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Last week in courts by @alokpi: Liquorshop ban • Disabilities bill passed • Cauvery forever • GST wait • more...

The Supreme Court of India just finished its work for this year and had an action-packed, if shortened week, the High Courts have been at it, and the organs of Government are all functioning, grinding out laws, rules, guidelines, notifications and much more to govern/rule/harass/intimidate/thieve the populace (delete as per political persuasion). Parliament has... well... you saw how that went.



A. None for the Road: The Supreme Court on banning liquor shops on the Highways

The Supreme Court directed that all liquor shops along national and state highways be shut, liquor shops be relocated away from the highways, and even their signage be put out of sight. This was done ostensibly in the interests of putting an end to drunken driving which at claimed 7835 lives all over India in 2012.

The cause is no doubt noble. The concern, welcome. The problem though lies in what the court has done. A mere advisory from the Central Government to the State Governments has been turned into the law of the land. Policy has been made with no rigorous analysis of the costs and benefits. Will such a ban actually reduce deaths by drunken driving? Is there a well conducted study which has conclusively drawn the link between drunk driving and presence of liquor shops on highways? The judgement doesn't go into any of this.

More disconcerting perhaps are the classist notions that inform the SC judgements, even the ones in PILs; slum dwellers bad, apartment dwellers good; pollution from autos/taxis/buses bad, pollution from cars good; desi daaru bad, imported whiskey in five star hotels, good; pubs and microbreweries, presumably ok, but thekas on highways, hell no! Anuj Bhuwania's forthcoming book on the Supreme Court will cast some light on this troubling aspect of our courts' thinking.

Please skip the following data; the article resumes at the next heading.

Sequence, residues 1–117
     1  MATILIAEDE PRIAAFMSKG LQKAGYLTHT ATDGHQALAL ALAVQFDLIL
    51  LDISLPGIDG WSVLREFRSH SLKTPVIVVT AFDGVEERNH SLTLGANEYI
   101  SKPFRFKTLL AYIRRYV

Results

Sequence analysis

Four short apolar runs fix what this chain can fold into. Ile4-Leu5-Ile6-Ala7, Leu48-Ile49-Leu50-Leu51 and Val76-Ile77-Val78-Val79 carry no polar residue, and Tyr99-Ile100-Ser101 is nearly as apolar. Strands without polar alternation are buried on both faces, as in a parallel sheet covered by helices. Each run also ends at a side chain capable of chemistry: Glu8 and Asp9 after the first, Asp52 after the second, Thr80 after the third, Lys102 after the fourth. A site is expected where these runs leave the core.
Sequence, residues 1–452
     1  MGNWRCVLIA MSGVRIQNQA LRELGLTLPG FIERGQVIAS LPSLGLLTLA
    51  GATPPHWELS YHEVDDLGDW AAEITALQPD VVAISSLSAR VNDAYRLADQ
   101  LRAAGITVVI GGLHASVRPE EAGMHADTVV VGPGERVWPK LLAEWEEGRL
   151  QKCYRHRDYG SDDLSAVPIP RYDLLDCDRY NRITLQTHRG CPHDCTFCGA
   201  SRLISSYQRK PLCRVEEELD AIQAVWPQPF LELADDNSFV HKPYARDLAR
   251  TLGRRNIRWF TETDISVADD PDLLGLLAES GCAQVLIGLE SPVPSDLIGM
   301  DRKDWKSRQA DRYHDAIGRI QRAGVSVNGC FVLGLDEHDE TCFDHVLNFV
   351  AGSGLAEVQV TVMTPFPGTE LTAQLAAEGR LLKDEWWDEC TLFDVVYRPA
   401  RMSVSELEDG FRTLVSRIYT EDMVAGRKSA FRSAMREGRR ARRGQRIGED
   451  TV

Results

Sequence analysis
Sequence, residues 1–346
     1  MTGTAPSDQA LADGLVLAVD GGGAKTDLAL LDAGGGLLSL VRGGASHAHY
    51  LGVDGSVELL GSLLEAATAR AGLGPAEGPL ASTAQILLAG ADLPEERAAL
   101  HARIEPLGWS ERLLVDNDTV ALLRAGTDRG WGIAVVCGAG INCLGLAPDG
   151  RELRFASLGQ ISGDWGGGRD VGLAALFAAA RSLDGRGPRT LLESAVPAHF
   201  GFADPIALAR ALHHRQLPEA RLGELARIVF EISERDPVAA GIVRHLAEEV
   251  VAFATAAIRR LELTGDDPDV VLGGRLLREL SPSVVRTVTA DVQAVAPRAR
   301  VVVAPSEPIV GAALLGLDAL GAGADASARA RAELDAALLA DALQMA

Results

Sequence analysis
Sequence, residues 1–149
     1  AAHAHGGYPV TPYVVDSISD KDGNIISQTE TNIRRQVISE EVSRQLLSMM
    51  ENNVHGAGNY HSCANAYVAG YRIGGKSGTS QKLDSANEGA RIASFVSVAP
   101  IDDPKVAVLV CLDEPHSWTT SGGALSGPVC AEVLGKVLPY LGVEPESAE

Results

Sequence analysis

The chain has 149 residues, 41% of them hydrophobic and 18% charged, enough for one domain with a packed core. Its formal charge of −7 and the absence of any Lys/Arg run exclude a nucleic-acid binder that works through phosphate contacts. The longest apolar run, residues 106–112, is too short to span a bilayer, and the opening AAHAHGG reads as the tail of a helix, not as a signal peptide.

B. Disabilities Bill passed in Parliament

Notwithstanding a session that was largely washed out, Parliament still found time to do one useful thing: pass the Rights of Persons with Disabilities Bill.

Here's a good summary of the features of the latest bill that was introduced and passed. This Bill is supposed to replace the Persons with Disabilities Act, 1995. As always, PRS Legislative Research has a helpful page with all the essentials of the Bill.

The Bill has undergone quite a few changes over time, and PRS has this helpful graphic. The earlier version of the Bill had been criticised in several sections over the manner of its passage and its content. It was then referred to a Standing Committee of Parliament which has since recommended changes in the Bill.

How much does this newly passed Bill mean for the differently-abled community? For a start, there is no one monolithic community among the differently abled and rights activists have taken different views on it. I'll post links to the best writing on this Bill as they come out in the coming weeks.

C. Forever War aka The Cauvery River Water Dispute

It could have ended the previous week itself, but the Supreme Court held that the appeals under Article 136 of the Constitution by Karnataka and Tamil Nadu against the order of the Cauvery Water Disputes Tribunal were maintainable, thereby allowing the Supreme Court to go ahead and decide the issue finally. It has settled a thorny constitutional problem that has evaded a definitive answer for 66 years now, removing the ambiguity from one of the less happily drafted parts of our constitution. Article 262 genuinely permitted two views - that the Supreme Court could not hear any case concerning an inter-state river water dispute; or that the Supreme Court was barred from only hearing inter-state river water disputes under its "original jurisdiction" (as a trial court for inter-state disputes) under Article 131. The cynic would say "gee, the Supreme Court of India expanded its jurisdiction? Whoda thunk it?", but there are good reasons why it should hear at least appeals from these tribunals as the late Ramaswami Iyer (who was however of the view that Art. 262 was an absolute bar) and Harish Salve (in his essay in this book) have argued.